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Old 15th May 2023, 07:24 PM
Stuart McCarthy Stuart McCarthy is offline
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Default Scrapping at ASP

Apologies if this has been covered elsewhere here. I have been sent a picture of a Scoot A320 which looks like its being scrapped at Alice Springs, the 9V reg has been blanked out from its usual position on the rear fuselage.
Does anyone have more information please.
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Old 15th May 2023, 07:31 PM
Stirling D Stirling D is offline
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Looks like 9V-TAU from the pic on oz-spotters.
Stirlo
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Old 15th May 2023, 07:49 PM
Stuart McCarthy Stuart McCarthy is offline
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I'm not on Oz-Spotters, thanks for the info.
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Old 16th May 2023, 10:49 AM
Greg Hyde Greg Hyde is offline
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From the Aus.

At the peak of the global Covid-19 pandemic, 152 aircraft were parked in Australia’s Red Centre as flying became a novelty rather than a normality.
In response, Alice Springs’ Asia Pacific Aircraft Storage fast-tracked its expansion, adding the equivalent of 26 rugby fields of plane parking, with every bay filled almost as soon as it was built.

Today, however, less than a third of those aeroplanes remain, 45 to be exact, and dozens of bays sit empty.

But APAS managing director Tom Vincent denied they were any less busy with his team in a constant cycle of reactivating aircraft that were returning to service, and parting out those that were not.

“There’s no doubt the pandemic created a big market for storage. We had 15 aircraft before March 2020,” he said.
“There’s been a bounce-back post-Covid but storage facilities existed long before the pandemic and will continue to be needed.”

Indeed, APAS is in the process of recruiting again, after seeing some of its Covid hires return to airlines that had little or no work for engineers during the pandemic.
Among the aircraft remaining at Alice Springs is a Singapore Airlines A380 and a couple of Boeing 777s; two Scoot A320s; and at least 20 Cathay Pacific Boeing 777s and A330s.

A number of other frames that found their way to APAS during Covid belonged to now defunct carriers NokScoot, Silk Air and Cathay Dragon.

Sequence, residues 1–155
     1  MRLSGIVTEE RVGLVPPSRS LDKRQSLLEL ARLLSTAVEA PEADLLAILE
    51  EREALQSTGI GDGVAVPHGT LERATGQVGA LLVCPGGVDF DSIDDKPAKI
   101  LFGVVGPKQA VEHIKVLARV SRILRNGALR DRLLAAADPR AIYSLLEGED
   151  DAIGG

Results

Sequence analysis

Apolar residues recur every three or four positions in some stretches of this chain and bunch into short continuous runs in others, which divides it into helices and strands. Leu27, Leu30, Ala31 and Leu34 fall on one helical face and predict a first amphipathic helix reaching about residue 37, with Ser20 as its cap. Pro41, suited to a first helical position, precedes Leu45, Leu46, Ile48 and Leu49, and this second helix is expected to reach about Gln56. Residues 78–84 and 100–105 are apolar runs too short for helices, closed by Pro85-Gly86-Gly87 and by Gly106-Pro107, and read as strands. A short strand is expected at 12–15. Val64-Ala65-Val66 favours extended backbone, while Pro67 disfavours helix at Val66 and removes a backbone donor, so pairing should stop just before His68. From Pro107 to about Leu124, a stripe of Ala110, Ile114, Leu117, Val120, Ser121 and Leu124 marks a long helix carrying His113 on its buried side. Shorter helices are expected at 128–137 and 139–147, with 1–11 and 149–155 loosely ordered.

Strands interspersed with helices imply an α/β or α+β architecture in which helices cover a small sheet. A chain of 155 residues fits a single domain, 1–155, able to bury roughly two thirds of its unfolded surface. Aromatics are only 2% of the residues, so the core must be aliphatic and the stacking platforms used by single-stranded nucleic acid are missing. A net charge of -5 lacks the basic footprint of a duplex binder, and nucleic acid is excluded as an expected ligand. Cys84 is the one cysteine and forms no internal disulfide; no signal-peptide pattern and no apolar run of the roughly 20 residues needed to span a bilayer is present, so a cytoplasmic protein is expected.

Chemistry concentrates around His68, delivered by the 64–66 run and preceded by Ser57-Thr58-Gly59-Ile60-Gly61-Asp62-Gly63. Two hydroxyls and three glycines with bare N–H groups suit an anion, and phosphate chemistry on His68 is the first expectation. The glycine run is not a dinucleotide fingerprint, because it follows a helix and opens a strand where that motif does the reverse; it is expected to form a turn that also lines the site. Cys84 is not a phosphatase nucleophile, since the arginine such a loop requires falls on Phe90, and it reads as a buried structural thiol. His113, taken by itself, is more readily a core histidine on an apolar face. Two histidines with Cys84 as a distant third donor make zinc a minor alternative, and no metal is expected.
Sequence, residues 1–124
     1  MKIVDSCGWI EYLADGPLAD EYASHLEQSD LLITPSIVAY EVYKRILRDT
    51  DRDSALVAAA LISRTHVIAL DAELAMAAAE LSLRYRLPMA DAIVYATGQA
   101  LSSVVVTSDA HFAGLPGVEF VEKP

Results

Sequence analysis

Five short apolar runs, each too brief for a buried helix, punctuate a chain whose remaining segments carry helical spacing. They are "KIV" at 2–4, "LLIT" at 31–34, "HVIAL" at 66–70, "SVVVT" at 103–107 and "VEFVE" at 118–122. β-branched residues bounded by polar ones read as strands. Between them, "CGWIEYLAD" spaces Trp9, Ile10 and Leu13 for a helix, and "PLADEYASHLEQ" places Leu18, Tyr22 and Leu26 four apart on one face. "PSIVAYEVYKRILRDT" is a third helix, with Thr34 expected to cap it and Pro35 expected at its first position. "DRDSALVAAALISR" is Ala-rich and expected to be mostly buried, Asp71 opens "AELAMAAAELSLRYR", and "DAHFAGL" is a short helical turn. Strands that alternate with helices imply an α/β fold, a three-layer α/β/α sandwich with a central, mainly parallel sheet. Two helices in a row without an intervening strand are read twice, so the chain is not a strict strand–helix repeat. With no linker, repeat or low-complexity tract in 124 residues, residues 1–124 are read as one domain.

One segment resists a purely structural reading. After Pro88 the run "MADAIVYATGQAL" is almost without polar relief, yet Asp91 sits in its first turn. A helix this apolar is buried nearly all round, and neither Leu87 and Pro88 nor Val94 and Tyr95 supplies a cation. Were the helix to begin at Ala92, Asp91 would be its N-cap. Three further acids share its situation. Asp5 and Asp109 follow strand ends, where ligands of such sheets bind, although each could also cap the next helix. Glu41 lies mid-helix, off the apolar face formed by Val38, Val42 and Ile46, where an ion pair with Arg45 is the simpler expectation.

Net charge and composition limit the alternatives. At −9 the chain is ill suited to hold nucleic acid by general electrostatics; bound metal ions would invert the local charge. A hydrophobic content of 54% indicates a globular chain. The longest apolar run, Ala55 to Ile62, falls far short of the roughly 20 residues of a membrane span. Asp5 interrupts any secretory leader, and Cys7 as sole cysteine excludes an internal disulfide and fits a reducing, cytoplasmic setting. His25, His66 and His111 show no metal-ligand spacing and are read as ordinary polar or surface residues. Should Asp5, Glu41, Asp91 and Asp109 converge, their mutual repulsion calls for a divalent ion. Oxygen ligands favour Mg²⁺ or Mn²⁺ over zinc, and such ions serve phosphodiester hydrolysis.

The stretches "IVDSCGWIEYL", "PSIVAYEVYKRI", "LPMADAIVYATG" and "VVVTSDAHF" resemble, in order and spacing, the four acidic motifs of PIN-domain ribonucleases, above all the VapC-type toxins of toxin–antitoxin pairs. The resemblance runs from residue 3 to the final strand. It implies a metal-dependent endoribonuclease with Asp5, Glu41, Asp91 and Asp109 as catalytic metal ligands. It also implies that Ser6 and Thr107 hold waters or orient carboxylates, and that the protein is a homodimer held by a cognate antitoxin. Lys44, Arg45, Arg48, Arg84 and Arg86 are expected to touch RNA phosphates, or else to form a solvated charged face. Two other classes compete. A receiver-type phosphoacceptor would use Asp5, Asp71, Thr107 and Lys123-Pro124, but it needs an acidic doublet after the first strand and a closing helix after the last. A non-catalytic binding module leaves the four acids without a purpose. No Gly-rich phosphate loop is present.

Other airlines that made use of the site during Covid such as Cebu Pacific, Fiji and Thai Airways have put their aeroplanes back into service.
Mr Vincent said demand for storage going forward would be influenced by a range of market factors including fleet changes, production rates, leasing costs and oil prices.
In coming years, hundreds of aircraft are expected to be replaced with newer models after manufacturers suspended deliveries over the pandemic period.
In 2023 alone, Airbus aimed to deliver more than 700 aircraft and Boeing more than 500.

Qantas, Air India and Cathay Pacific are among the carriers in the region planning major fleet renewals, leaving existing planes to be parted out or returned to lessors.
With production ramping up and new aircraft sales accelerating, Mr Vincent is confident the expansion undertaken at APAS during the pandemic was justified.
“We’re very comfortable with how we’re positioned for the long term,” he said.
At the peak of the global Covid-19 pandemic, 152 aircraft were parked in Australia’s Red Centre as flying became a novelty rather than a normality.
In response, Alice Springs’ Asia Pacific Aircraft Storage fast-tracked its expansion, adding the equivalent of 26 rugby fields of plane parking, with every bay filled almost as soon as it was built.

Today, however, less than a third of those aeroplanes remain, 45 to be exact, and dozens of bays sit empty.

But APAS managing director Tom Vincent denied they were any less busy with his team in a constant cycle of reactivating aircraft that were returning to service, and parting out those that were not.
“There’s no doubt the pandemic created a big market for storage. We had 15 aircraft before March 2020,” he said.

The facility was not the only one emptying out in the wake of Covid, with Victorville in California also seeing a sizeable turnover.

Qantas notably took its last A380 out of the “boneyard” earlier this year after almost 1000-days in storage, and last week Air New Zealand also bid farewell to the Mojave Desert.

“An incredible amount of work has gone into bringing these aircraft back,” Ms Marren said. “The reanimation of one 777 alone has taken more than seven weeks and involved more than 1500 man-hours of work.”
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